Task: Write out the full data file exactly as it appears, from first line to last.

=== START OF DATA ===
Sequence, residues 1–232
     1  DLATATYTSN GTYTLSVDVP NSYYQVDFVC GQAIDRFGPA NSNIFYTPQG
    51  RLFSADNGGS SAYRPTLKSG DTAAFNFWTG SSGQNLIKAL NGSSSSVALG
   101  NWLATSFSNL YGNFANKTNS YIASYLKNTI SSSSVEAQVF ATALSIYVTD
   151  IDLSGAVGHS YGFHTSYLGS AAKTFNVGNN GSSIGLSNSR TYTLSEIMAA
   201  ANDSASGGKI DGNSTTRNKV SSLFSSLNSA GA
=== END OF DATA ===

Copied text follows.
Sequence, residues 1–232
     1  DLATATYTSN GTYTLSVDVP NSYYQVDFVC GQAIDRFGPA NSNIFYTPQG
    51  RLFSADNGGS SAYRPTLKSG DTAAFNFWTG SSGQNLIKAL NGSSSSVALG
   101  NWLATSFSNL YGNFANKTNS YIASYLKNTI SSSSVEAQVF ATALSIYVTD
   151  IDLSGAVGHS YGFHTSYLGS AAKTFNVGNN GSSIGLSNSR TYTLSEIMAA
   201  ANDSASGGKI DGNSTTRNKV SSLFSSLNSA GA